It’s always about data. What’s the use of any system without the data it relies on?
Setting up a database replication is one of many steps that should be taken in order to preserve data, preventing any loss and making disaster recovery easier.
Luckily, it’s easy with MySQL. So let’s suppose we have two servers running MySQL, one called host1 and the other host2.
Replication can be either master-master or master-slave. With a master-slave replication, the slave always replicates what the master database is executing. In master-master replication, both databases synchronize with each others.
For the purpose of this tutorial, a master-slave (here host1 and host2 respectively) scenario is examined.
First of all, open the mysql config file on host1 (usually found at /etc/my.cnf on linux, and c:\windows\my.ini on windows), and uncomment (remove the hash of) the following line:
Secondly, you need to specify the file where the master (host1) should log (write) the queries it’s executing. This will enable the slave (host2) to read these queries and execute them as well. As such, add a line such as:
log-bin = /path/to/mysql-bin.log
where the value above is the path to file where MySQL should be doing the logging. You could very well create a separate directory or use the default mysql installation directory (such as c:\program files\mysql\ on windows or /var/lib/mysql on linux)
Then, you need to specify the name of the database in question. So if you’re setting up replication for one of your MySQL databases called ‘work_data’, then, this is the line you need to add to your MySQL config:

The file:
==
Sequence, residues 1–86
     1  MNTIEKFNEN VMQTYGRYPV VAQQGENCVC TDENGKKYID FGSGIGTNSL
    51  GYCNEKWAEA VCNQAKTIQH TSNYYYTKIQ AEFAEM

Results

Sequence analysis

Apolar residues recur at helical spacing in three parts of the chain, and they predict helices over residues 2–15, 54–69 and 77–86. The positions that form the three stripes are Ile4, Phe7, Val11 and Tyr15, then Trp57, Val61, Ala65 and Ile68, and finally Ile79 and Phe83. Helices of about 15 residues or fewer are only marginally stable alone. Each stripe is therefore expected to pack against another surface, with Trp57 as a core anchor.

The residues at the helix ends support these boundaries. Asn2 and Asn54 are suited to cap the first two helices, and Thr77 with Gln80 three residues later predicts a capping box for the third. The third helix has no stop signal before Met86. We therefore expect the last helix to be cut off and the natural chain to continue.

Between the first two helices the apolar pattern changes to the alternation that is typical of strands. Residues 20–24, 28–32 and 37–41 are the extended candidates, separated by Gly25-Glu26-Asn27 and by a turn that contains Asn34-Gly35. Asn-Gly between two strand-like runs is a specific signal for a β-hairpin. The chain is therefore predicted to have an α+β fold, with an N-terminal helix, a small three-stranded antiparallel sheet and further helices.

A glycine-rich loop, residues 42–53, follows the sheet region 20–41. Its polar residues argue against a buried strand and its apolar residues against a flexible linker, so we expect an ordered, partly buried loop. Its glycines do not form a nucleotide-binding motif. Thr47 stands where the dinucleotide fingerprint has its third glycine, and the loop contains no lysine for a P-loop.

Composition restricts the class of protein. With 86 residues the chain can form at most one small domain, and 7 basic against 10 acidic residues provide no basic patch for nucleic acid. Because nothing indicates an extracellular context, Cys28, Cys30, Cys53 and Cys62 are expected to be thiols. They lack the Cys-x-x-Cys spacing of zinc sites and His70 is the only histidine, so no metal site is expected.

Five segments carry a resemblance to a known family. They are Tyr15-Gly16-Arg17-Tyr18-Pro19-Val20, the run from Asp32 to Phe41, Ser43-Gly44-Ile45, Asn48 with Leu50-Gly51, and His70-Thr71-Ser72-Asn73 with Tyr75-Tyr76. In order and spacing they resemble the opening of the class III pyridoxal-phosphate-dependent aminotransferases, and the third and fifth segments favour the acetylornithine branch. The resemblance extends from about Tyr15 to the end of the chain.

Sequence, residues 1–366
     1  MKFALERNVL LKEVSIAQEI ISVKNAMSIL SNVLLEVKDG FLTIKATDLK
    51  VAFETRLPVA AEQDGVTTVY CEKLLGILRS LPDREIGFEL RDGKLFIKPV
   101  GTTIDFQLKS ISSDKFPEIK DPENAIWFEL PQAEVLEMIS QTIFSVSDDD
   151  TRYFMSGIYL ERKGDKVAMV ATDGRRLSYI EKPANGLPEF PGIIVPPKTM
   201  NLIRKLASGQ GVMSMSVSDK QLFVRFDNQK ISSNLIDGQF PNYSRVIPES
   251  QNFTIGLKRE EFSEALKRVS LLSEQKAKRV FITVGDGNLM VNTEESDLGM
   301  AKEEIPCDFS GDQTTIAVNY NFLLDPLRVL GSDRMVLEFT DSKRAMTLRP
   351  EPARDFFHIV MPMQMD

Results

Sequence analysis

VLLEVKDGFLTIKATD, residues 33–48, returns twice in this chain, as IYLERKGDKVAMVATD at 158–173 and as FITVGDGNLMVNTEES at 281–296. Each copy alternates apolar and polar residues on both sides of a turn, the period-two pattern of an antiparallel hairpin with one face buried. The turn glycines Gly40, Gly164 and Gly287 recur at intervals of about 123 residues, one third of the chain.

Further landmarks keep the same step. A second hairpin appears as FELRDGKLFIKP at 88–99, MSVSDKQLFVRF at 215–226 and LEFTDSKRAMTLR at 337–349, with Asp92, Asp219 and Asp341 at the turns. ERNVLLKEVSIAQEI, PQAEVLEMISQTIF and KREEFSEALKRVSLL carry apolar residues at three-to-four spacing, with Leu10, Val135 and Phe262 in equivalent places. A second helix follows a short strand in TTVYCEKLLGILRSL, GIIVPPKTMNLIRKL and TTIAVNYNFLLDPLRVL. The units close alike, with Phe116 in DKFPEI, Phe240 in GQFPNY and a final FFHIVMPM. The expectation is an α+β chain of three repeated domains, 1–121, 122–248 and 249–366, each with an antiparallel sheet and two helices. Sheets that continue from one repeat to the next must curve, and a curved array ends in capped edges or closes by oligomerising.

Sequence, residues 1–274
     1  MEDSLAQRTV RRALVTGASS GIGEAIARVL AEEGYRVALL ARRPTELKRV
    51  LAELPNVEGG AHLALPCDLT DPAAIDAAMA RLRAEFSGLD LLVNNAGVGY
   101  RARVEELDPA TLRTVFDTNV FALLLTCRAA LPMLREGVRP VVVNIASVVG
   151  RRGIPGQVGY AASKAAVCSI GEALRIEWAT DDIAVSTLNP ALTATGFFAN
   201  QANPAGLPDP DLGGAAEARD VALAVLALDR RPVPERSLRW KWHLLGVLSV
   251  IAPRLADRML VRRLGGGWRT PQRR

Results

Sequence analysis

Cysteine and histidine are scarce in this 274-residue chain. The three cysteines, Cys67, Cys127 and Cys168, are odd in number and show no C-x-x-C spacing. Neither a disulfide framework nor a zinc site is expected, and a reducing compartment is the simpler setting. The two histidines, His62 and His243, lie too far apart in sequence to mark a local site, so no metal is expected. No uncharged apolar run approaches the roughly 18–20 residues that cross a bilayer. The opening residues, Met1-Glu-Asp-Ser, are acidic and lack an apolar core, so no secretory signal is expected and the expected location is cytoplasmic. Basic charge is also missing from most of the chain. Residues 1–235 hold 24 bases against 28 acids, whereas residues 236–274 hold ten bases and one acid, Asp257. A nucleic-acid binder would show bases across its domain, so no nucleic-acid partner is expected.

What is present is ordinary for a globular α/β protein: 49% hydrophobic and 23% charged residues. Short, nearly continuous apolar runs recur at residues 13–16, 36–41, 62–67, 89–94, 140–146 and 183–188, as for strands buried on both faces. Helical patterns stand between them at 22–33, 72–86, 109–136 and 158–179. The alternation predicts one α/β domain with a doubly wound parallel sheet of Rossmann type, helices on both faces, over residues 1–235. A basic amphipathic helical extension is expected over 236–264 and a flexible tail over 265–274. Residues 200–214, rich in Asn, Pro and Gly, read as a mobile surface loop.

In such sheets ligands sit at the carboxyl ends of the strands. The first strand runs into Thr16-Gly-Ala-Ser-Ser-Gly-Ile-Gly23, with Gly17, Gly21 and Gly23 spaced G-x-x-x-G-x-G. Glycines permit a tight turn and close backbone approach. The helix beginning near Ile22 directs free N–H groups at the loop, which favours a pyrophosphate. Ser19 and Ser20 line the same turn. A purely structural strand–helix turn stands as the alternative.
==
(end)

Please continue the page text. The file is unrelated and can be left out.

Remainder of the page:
binlog-do-db = work_data
Finally, you need to specify a server id, which says that this is the master server
Save the config file and exit.
Now you need to give host2 the permission to replicate the data. As such, a MySQL query needs to be issued on the master.
So on host1, login to the MySQL prompt (mysql -u root -pyour_root_password) (or PHPMyAdmin, etc… whatever you use), and issue the following statement:
grant replication slave on *.* to ‘username’@’%’ identified by ‘password’;
Make sure to replace username and password with a credential of your choice. Do keep the single quotes though.
The % sign means that the slave can connect from any host. If you want it to be more secure, replace that with host2 (the slave’s hostname).
After all the above is done, restart the MySQL service (service mysqld restart (linux) or, net stop mysql, net start mysql (on windows)).
If the database had data earlier, make sure you dump it and load it on the slave before doing any of the above. Dumping data is easy and can be done by cd’ing to the MySQL bin directory and issuing:
mysqldump -Q -u root -pyour_root_password databasename > database_dump.sql
(replace the password and database name with the correct login). The whole database will now be in the file called database_dump.sql
To import it on host2, cd to the mysql bin directory and issue:
mysql -u root -pyour_root_password databasename < /path/to/the/file/database_dump.sql
The MySQL config file on host2 should have the following lines:
master-host = host1
master-user = username
master-password = password
master-port = 3306
where host1 is the master’s hostname/IP, and username and password are the credentials you used when granting replication access a few steps above. 3306 is the port MySQL is running on (which is the default)
Then start the slave process on host2 by issuing at the MySQL prompt:
To make sure replication is working, issue the following SQL query on host1:
show slave status \G
(Slave_SQL_Running and Slave_IO_Running should report ‘Yes’)